BACKGROUND: In 2007, the Centers for Medicare and Medicaid Services stopped reimbursing for treatment of specified hospital-acquired conditions (HACs), also known as “never events.”
OBJECTIVE: To establish benchmarks for HACs after common neurosurgical oncologic procedures.
METHODS: We identified adults in the Nationwide Inpatient Sample between 2002 and 2009 who underwent resection of a benign or malignant brain tumor. Baseline demographics, medical comorbidities, and hospital-level variables were assessed. A generalized estimating equation, multivariable-logistic model was used to identify predictors of HACs, mortality, prolonged hospital length of stay, and increased hospital charges.
RESULTS: We identified 310,133 patients undergoing surgical treatment of a cranial neoplasm; 5.4% experienced an HAC. More medical comorbidities and the presence of an immediate postoperative neurosurgical complication increased one's risk of having an HAC (odds ratios: 1.56 and 2.48, respectively; both P < .01). Patients who experienced an HAC faced increased in-hospital mortality (6.47% vs 1.53%; P < .01) and increased total hospital costs ($52,882.61 vs $25,569.45; P < .01). Patients at urban teaching hospitals and those with a high surgical volume were more likely to experience an HAC compared with those treated at rural nonteaching hospitals and those with a low surgical volume (odds ratios: 1.33 and 1.16, respectively; P < .01).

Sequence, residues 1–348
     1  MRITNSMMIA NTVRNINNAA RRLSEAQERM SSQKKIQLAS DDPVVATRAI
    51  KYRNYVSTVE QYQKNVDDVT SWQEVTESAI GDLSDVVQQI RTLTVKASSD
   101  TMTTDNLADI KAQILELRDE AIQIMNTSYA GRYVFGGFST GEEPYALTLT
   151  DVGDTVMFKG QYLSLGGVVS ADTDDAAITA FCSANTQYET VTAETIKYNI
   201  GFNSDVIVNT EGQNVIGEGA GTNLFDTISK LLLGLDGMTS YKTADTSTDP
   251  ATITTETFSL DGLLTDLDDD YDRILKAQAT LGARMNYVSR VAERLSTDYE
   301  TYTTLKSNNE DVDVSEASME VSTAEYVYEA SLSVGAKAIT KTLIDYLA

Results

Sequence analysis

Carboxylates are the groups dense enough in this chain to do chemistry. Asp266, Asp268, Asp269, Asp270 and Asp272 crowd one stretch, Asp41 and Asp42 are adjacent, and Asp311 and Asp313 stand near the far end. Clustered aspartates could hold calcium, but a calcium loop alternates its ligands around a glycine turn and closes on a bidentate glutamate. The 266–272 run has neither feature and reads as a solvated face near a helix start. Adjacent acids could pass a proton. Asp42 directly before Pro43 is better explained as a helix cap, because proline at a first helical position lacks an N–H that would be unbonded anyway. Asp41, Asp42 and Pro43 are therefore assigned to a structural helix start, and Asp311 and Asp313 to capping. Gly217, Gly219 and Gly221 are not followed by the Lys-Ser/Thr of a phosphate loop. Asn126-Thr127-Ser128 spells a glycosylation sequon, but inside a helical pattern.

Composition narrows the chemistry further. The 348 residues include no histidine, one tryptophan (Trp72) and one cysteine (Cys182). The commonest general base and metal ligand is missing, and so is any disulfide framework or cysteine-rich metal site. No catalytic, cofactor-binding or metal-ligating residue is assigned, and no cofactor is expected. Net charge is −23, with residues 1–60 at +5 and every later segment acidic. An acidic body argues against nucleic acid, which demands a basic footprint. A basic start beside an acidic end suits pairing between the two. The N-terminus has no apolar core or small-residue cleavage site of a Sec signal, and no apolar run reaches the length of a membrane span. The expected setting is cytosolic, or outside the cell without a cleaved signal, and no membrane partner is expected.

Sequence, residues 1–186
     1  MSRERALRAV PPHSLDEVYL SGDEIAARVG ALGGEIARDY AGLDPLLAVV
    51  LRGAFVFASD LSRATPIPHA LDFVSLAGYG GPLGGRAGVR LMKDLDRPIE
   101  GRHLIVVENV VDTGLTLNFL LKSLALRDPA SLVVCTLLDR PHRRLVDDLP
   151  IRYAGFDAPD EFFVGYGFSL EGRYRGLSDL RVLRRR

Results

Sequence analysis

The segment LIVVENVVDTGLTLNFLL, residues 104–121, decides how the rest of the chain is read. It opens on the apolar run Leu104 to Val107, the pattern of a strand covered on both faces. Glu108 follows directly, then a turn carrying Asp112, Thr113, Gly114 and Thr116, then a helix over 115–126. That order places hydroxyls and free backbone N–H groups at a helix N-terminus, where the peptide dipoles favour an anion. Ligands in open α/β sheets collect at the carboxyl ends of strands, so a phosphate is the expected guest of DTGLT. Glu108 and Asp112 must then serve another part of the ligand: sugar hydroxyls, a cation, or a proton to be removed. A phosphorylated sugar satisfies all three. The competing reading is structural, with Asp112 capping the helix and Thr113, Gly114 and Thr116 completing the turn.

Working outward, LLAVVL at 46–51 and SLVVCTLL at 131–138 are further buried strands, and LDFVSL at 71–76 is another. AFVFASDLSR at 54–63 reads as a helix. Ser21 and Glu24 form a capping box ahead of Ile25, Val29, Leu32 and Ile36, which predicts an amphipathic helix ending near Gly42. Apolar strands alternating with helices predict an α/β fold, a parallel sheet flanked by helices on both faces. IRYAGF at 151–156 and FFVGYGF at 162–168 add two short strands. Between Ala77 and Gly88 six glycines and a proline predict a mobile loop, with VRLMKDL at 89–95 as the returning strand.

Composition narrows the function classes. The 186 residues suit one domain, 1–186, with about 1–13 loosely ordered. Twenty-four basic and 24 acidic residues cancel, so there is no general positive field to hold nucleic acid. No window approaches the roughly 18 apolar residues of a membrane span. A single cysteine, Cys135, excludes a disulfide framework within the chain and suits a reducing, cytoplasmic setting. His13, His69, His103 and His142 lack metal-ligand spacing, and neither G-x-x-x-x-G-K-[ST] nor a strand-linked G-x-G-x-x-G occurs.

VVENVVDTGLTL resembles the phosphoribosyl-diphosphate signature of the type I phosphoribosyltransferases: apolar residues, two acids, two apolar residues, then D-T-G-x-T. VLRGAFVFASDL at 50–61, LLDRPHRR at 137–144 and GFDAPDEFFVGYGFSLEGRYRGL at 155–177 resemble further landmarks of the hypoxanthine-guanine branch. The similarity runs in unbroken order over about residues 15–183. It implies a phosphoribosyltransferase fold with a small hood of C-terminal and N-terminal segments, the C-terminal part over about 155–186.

CONCLUSION: We found a 5.4% incidence of HACs after neurosurgical oncologic procedures, which varied based on several patient and hospital-level factors. A thorough analysis of the relationship between patient, procedure, and HAC incidence will be important to developing fair compensation practices for physicians as well as payers. Additionally, further investigation may identify opportunities for future quality improvement initiatives.
ABBREVIATIONS: CI, confidence interval
CMS, Centers for Medicare and Medicaid Services
DVT, deep venous thrombosis
HAC, hospital-acquired condition
NIS, Nationwide Inpatient Sample
PE, pulmonary embolism
Departments of *Neurosurgery,
§Medicine, College of Physicians and Surgeons, Columbia University, New York, New York;
¶Department of Epidemiology, Mailman School of Public Health, Columbia University, New York, New York
Correspondence: Brad E. Zacharia, MD, MS Columbia University, College of Physicians and Surgeons, Department of Neurological Surgery, Neurological Institute, 710 W. 168th Street, 4th Floor, New York, NY 10032. E-mail: email@example.com
Received October 07, 2013
Accepted February 02, 2014